When it comes to voter ID, we should be removing barriers to participation in Britain’s democracy, not putting them up

The timing of the voter ID trial could hardly have been worse, coming so soon after the exposure of the Windrush scandal

Thursday 03 May 2018 19:07
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A man fixes a sign to the door of a polling station as voting begins in local government elections in London
A man fixes a sign to the door of a polling station as voting begins in local government elections in London

Voter turnout in local government elections is rarely high. In council elections in England last year it was just over 35 per cent. This year’s figure is unlikely to be any better.

In this context, there will be considerable debate about the impact of the voter ID trial which has been conducted at polling stations in Woking, Gosport, Bromley, Watford and Swindon. In these places, at the recommendation of the Electoral Commission, voters were only able to cast their ballot if they produced valid proof of identity. Those who did not bring the relevant documentation were turned away; not all came back.

Critics have long expressed concern that forcing voters to prove their identity will disenfranchise sections of the electorate – especially vulnerable groups who do not have a stable residence or who lack the proof required.

Certainly the timing of the trial could hardly have been worse, coming so soon after the exposure of the Windrush scandal, which centred on individuals being forced to show documentary evidence of their citizenship status. The Labour Party made the point forcibly, describing the ID trial as “the same hostile environment all over again, shutting our fellow citizens out of public life”.

What’s more, questions remain as to the proportionality of identity checks given that the problem of electoral fraud in this country is relatively small – “tiny”, to borrow the Electoral Reform Society’s description.

Indeed, where evidence has emerged of electoral malpractice in recent times, it has tended to do so in relation either to campaign spending rules or to the misuse of postal votes. There is very little evidence to suggest that elections have been manipulated by individuals popping up at multiple polling stations, impersonating others in order to cast or control several votes.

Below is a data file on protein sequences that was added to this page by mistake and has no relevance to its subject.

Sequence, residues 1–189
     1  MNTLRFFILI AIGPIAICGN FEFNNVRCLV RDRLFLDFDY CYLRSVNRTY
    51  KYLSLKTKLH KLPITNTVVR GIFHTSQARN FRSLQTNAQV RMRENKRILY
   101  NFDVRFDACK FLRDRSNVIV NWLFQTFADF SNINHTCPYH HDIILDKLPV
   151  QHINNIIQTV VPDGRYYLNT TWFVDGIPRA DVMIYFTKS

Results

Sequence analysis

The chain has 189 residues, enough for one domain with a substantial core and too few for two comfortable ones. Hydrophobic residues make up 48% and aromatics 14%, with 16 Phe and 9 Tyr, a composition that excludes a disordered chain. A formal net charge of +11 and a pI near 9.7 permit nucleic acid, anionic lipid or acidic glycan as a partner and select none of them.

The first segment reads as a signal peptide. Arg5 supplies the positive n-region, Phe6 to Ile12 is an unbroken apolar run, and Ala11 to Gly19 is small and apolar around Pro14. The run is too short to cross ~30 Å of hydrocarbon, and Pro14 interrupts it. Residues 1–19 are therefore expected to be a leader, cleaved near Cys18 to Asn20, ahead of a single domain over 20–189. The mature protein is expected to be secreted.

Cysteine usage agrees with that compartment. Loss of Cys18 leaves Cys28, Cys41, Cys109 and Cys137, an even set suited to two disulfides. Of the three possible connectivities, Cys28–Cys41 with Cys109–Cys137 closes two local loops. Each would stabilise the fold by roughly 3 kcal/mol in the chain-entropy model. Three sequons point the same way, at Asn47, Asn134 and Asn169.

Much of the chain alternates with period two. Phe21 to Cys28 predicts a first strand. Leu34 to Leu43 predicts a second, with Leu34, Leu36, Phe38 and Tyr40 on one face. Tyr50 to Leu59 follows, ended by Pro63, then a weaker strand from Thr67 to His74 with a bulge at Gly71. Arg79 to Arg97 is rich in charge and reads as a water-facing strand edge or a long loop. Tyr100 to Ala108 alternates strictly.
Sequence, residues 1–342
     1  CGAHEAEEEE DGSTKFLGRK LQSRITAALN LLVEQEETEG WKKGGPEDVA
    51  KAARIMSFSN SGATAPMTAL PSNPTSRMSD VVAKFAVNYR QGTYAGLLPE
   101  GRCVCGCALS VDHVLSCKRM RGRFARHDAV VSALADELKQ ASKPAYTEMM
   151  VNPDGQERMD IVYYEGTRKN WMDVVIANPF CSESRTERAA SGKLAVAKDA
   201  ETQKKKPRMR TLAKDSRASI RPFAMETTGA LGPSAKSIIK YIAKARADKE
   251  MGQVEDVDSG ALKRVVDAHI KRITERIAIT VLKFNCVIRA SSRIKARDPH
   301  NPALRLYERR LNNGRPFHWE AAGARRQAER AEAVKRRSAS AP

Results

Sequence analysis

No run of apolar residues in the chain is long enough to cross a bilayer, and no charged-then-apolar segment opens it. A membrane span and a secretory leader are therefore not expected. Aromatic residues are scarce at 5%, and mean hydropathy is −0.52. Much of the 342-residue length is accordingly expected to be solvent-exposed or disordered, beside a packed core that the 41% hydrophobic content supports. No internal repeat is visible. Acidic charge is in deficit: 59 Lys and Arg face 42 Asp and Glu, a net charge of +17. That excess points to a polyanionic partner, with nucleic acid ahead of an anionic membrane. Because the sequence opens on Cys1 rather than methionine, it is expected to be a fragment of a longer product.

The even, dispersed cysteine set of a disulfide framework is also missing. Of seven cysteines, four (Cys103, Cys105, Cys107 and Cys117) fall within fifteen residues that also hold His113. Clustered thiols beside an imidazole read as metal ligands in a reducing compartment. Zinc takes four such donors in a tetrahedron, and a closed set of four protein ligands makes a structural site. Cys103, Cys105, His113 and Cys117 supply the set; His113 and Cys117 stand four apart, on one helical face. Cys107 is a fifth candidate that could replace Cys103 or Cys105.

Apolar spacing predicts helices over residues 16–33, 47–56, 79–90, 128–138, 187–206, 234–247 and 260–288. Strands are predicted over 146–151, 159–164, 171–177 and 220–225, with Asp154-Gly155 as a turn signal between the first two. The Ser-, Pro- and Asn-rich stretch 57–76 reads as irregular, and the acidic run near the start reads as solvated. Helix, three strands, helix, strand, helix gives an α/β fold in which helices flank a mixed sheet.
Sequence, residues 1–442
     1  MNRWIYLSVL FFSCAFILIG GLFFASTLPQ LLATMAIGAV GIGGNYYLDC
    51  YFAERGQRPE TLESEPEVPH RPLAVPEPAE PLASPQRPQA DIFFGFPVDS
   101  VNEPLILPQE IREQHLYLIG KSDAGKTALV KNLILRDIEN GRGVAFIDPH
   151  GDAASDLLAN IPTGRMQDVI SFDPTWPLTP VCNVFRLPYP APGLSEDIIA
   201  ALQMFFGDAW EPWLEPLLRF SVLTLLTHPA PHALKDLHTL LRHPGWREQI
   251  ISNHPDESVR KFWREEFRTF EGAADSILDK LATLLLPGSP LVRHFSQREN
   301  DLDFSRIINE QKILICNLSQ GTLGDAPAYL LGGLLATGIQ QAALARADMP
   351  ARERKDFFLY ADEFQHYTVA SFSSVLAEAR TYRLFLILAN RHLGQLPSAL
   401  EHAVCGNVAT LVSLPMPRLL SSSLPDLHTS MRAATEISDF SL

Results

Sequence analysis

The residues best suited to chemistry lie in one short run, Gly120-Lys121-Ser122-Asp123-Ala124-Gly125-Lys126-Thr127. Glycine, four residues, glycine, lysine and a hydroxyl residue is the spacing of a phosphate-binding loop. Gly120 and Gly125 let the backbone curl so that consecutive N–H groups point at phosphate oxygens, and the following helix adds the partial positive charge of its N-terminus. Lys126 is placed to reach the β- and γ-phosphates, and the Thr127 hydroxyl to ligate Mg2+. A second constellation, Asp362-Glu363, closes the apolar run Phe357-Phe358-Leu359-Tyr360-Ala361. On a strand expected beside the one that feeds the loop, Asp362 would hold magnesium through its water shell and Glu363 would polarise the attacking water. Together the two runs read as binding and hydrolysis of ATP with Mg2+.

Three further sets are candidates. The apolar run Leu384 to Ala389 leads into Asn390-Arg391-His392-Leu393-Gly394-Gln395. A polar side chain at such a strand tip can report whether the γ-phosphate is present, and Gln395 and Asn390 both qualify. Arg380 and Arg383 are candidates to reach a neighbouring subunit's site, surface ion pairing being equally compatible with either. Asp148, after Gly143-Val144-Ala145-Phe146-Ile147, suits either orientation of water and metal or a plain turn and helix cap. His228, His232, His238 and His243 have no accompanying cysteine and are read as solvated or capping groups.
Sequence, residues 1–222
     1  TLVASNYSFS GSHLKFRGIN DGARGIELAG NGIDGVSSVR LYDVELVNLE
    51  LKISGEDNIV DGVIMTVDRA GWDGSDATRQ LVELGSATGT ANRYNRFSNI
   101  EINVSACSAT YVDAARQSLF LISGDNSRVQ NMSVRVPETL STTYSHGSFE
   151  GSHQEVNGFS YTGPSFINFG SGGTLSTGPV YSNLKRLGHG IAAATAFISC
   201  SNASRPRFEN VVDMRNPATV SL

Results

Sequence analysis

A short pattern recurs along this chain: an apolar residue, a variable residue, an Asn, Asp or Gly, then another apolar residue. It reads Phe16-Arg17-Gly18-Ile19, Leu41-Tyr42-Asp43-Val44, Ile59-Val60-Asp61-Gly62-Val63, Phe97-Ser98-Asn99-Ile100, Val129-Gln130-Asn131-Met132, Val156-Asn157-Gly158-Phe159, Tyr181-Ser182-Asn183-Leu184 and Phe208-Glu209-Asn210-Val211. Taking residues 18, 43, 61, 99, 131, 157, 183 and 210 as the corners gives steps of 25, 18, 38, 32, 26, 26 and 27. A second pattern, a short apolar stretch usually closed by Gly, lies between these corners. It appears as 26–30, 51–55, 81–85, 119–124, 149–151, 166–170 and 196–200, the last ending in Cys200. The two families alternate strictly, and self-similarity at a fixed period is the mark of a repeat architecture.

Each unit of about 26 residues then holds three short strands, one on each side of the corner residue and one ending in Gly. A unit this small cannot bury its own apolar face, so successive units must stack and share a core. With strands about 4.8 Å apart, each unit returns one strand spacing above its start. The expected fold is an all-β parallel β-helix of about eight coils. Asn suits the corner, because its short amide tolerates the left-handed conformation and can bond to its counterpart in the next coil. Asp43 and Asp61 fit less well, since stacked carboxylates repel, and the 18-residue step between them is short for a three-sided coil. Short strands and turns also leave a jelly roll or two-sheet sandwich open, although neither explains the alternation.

When the Electoral Commission recommended ID checks in 2014, following its review of “electoral vulnerabilities” in the UK, it concluded that fraud had been attempted in no more than “a handful of wards in any particular local authority area” (notably of course in Tower Hamlets). Its proposal to require voters to prove their identity appeared to be premised on the potential risk of personation fraud, rather than overwhelming concern about the reality.

As the commission put it: polling station fraud “could become more vulnerable… as other processes (including electoral registration and postal or proxy voting) become more secure”. Yet that prophesy appears not to have been scrutinised: the trial is an attempt to deal with a problem that is not at the moment upon us.

Those who support the scheme point to the fact that ID checks in Northern Ireland have not generally presented difficulties for individuals wishing to exercise their democratic right. Voter turnout there has not, on the face of it, been affected since checks were first used in 1985 (or since legislation was passed in 2002 specifying which forms of ID could be used).

Local elections: All you need to know

Yet in Northern Ireland, confidence in the integrity of the electoral process had been low. That is not true for the most part in the rest of the UK. Moreover, experience elsewhere – for instance in the United States – has given weight to the notion that making ID requirements more stringent has a disproportionate impact on potential voters from black and ethnic minority groups, and among the oldest and youngest portions of the electorate.

There is, it cannot be denied, a superficial attractiveness to the notion that you should prove who you are before you cast a vote. Protecting the integrity of the democratic process is vital to maintaining public confidence in governmental institutions; and for the overwhelmingly majority of people, taking proof of identity to a polling station is no more than an inconvenience.

Yet the fact remains that we should be removing barriers to participation in Britain’s democracy, not putting them up. As things stand, it seems likely that most people in this country are more likely to be worried by the low turnout at most elections than by the reality of personation fraud.

Full assessments of the trial which has been conducted at the present elections must be conducted in an open-minded way. But one thing should be clear: cracking nuts with sledgehammers can cause considerable collateral damage. Let’s not make democracy seem even more remote than to some it already does.

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